Tuesday, May 17, 2011

Director Elections: Majority Doesn't Matter

Diligent investors spend the time and effort required to vote their proxies responsibly. But when it comes to electing directors, the game is rigged against the shareholders: even when the majority of voting shareholders votes against a particular director nominee, the policy of most companies is that the nominee becomes a director regardless!

Consider GTSI Corp (GTSI), a government contractor that has been discussed on this site as a potential value investment. The results of the company's Class 2 directors are in, and they aren't pretty.

Only one of the company's three nominees had more votes "for" than those "withheld", which doesn't express a lot of shareholder confidence in the board. Nevertheless, the two unwanted nominees were still elected to the board! As per the company's proxy statement:

"In the election of directors, votes may be cast in favor or withheld with respect to any and all nominees; votes that are withheld may be excluded entirely from the vote and will have no effect on the outcome of the vote." In other words, there's no reason for shareholders to vote, since the proposed slate of nominees will win the election no matter what!

This process is deemed the "Plurality Vote", whereby the candidate with the most votes wins the job. But this system is designed for scenarios where there are multiple candidates running for limited posts. But in director elections, a company will usually put up for election the same number of nominees as there are positions. This can lead to a situation where only a single "for" vote (even if 99% of shareholders vote "against" or vote to "withhold") is needed to elect a director!

There are some who argue that reforming this system would do more harm than good, however. Certain directors may be very important to the company, and so losing them would leave the company worse off. But can't this be explained to shareholders in the proxy, with shareholders being given the final say? After all, directors are the shareholders' representatives.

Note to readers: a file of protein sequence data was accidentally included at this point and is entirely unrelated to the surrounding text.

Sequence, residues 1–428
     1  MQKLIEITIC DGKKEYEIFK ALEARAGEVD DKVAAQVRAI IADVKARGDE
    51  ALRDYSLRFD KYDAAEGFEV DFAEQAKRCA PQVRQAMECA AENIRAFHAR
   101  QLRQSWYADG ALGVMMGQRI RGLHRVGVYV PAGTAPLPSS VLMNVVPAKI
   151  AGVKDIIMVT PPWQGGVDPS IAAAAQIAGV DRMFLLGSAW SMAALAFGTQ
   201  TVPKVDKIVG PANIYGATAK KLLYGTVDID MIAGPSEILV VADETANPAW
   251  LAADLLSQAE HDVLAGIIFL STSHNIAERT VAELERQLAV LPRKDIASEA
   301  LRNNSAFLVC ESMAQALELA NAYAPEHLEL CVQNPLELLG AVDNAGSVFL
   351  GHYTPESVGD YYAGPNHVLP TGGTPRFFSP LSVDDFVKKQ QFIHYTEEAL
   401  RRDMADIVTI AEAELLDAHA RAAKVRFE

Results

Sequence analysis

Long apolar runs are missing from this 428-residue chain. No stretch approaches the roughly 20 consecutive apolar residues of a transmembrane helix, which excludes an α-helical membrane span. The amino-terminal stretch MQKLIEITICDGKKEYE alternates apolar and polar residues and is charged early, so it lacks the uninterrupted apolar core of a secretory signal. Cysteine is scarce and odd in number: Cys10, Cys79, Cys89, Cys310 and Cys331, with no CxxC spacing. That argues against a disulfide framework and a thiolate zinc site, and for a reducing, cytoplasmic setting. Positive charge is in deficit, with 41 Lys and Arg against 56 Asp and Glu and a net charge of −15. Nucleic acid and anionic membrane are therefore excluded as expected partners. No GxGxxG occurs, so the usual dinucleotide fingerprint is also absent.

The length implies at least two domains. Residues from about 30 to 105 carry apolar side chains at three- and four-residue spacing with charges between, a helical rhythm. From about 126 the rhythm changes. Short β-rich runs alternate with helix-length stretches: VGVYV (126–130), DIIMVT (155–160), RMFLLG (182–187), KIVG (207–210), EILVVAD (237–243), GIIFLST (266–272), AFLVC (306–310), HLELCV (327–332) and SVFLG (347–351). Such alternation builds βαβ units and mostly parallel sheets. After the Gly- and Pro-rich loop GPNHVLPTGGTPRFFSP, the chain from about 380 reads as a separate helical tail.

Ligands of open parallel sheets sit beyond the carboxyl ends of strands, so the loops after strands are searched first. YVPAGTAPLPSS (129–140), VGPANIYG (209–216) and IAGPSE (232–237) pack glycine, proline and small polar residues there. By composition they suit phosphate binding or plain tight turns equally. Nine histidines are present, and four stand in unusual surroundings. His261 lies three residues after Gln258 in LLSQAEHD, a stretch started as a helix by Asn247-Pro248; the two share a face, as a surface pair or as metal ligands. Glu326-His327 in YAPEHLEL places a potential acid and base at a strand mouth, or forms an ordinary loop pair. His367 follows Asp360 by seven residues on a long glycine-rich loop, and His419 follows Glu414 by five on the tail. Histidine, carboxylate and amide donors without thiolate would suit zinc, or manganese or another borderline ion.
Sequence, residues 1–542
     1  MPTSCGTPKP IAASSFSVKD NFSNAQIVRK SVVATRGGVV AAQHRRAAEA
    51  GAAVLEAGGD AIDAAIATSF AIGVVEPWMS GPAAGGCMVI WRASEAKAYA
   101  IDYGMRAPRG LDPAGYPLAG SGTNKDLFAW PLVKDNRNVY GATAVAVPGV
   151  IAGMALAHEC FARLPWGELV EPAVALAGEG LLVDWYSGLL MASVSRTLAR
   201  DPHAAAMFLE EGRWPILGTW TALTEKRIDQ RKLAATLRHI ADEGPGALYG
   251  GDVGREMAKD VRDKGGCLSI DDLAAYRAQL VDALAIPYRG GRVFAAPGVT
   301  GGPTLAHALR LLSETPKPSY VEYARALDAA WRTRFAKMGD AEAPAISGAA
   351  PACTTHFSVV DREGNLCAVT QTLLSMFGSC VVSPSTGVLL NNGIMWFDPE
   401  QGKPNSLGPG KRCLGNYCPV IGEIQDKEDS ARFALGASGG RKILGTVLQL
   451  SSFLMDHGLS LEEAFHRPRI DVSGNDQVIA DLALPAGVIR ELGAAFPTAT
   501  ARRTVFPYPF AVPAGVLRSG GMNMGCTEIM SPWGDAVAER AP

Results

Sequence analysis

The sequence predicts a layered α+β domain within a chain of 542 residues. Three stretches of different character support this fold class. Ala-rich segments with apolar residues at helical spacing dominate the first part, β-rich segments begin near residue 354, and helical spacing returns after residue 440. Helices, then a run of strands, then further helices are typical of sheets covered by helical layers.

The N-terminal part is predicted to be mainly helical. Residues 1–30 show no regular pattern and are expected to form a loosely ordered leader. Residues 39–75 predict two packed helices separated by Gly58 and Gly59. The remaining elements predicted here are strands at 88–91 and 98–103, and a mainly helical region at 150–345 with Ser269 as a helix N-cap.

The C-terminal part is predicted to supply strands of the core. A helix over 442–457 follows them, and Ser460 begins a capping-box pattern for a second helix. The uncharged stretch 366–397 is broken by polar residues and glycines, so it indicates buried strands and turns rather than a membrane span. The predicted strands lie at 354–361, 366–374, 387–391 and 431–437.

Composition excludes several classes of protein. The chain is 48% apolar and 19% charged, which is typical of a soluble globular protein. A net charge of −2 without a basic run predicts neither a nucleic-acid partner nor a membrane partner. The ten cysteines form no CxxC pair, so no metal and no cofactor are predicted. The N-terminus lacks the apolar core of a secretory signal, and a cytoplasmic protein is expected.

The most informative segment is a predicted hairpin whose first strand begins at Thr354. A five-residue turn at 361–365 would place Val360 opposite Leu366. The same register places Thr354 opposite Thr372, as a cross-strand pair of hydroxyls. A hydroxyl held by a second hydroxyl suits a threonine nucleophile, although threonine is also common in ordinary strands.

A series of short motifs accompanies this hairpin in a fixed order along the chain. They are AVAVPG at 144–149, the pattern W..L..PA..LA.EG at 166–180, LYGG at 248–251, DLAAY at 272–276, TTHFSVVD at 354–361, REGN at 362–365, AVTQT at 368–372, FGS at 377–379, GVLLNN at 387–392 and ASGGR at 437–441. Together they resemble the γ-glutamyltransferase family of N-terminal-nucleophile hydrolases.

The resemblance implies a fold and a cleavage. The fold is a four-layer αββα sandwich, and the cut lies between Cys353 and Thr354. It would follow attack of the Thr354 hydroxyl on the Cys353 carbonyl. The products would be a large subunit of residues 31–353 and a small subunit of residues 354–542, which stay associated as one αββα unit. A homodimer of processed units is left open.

Another argument against reform is that the loss of a director could trigger a change in control or another undesired event. For example, if a director is not elected, the company may not be in compliance with rules regarding the number of independent directors.

But a growing number of companies have started to adopt more shareholder-friendly policies that protect for such events while at the same time giving investors their say. For example, Pfizer, Intel and a slew of other large companies have in recent years adopted standards that would see a director offer his resignation if there are more "against" than "fors". The company would then decide to either accept or reject the resignation based on any mitigating circumstances (e.g. a failure to meet minimum independent director standards).

For most companies, director elections are still a farce. Slowly, the tide is turning as companies shift towards a policy that leads to a director resignation if there are more "withholds" than there are "fors". In the meantime, investors who make the effort to vote may be wasting their time.

Disclosure: None


Paul said...

Dude, you never even told us about this!


Saj Karsan said...

ha, no big deal! ;)